Are any of you Weekend Writers thinking about submitting to agents? Here are a couple of resources.
I used to be quite the fan of podcasts, listening to them while I binge cooked on weekends. After a while, I found it harder and harder to find podcasts that interested me, and I have the binge cooking thing under control now. Also, I found it difficult to get everything I should out of the podcasts while I was moving from baking center to stove to sink. And just sitting and listening to one? I need a compelling reason.
Well, while doing agent research last week, I discovered that this weekend is WriteonCon, an on-line childlit conference that offers, among other things, speakers doing video presentations. I "attended" WriteonCon in 2012 a few weeks after it was over. This year, by the way, there is a modest fee for attendance, which will allow you access to content either until the beginning of March or March 22, depending on what you pay.
There is also a little free content in the form of showcase events, which were available early. I sat and watched Working With Your Agent with Natascha Morris, who has been with the Bookends Agency nearly three years. There is a little sound problem with the first few minutes of this video, but stick with it. She has a number of interesting things to say, particularly if you are at the working with agent stage. Early on she talks about receiving editing letters from agents and how writers can deal with them. What she describes is exactly how I dealt with editing letters from editors.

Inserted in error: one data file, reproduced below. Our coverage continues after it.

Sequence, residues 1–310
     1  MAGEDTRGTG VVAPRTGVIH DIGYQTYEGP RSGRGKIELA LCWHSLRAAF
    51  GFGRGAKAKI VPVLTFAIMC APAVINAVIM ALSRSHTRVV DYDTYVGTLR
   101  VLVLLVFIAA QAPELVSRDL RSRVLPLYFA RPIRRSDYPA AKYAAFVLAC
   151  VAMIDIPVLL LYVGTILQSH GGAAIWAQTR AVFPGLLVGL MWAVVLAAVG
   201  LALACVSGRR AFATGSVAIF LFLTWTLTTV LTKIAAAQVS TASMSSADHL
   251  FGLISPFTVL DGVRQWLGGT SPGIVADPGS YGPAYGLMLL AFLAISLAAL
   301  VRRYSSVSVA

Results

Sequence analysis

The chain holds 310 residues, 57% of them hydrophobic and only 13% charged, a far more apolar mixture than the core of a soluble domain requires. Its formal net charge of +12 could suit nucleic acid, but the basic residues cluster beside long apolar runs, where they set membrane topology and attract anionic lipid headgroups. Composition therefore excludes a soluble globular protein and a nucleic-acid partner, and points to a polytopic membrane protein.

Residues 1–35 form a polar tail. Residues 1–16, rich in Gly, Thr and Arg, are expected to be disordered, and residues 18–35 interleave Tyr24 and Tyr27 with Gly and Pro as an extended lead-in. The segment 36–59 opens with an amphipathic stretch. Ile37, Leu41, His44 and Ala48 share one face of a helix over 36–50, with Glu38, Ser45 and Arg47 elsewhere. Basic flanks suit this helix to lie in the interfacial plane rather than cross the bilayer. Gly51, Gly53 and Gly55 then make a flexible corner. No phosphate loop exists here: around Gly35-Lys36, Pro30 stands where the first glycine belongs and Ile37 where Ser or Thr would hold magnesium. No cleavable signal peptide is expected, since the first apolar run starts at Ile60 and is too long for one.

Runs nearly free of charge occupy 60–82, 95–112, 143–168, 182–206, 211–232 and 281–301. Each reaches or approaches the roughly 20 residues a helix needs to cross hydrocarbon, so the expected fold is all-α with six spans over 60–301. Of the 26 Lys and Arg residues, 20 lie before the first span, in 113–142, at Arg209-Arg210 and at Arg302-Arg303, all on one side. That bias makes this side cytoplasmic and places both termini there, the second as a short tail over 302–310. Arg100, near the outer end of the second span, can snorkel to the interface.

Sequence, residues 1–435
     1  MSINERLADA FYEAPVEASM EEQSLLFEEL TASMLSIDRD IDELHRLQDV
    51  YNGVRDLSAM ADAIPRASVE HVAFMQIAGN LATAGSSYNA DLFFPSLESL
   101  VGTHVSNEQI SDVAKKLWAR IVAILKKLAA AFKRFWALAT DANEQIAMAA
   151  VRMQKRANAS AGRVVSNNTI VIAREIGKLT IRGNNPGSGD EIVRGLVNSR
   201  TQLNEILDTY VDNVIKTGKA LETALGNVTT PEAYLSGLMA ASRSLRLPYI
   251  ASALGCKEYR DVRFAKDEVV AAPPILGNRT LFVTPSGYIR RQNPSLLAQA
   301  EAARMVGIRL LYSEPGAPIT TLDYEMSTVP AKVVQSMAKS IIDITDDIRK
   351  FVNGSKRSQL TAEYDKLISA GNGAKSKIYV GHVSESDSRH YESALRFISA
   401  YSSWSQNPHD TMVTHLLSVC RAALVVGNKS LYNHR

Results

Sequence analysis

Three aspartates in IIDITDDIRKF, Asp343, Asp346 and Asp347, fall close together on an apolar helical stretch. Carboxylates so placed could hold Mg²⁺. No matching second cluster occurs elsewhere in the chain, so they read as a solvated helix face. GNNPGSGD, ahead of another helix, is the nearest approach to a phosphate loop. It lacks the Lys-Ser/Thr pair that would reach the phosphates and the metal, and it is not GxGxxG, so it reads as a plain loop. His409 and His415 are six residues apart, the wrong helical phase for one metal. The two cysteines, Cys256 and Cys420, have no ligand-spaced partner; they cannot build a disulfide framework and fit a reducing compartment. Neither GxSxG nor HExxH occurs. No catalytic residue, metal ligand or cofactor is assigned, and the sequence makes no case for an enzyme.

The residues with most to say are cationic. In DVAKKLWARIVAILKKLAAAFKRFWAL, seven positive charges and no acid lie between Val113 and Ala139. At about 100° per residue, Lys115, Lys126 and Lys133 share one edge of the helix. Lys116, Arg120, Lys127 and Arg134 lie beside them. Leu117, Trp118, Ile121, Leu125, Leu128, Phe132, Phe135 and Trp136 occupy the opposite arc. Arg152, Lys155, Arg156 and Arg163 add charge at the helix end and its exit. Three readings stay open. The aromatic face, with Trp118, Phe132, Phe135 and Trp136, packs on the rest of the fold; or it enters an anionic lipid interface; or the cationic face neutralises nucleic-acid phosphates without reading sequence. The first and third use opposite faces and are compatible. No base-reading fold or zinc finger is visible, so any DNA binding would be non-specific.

Then I stumbled upon a Write the Book: Conversations on Craft podcast with Emily Forland of the Brandt & Hochman Agency. This is an interview marked by the quality of the interviewer's questions. I realized when I'd nearly finished listening to this thing that I recognized Write the Book. It's a podcast out of Vermont (the Burlington area, I think) that I've listened to a few times back when I listened to podcasts. During this podcast an author was mentioned who I looked up and whose work I want to read, but now I can't remember his name! I don't have time to listen to this again.
Which is one of my problems with podcasts.
However, if you have time to listen to one, Write the Book is very good. And if you have time for an agent video, Natascha Morris's is very worthwhile.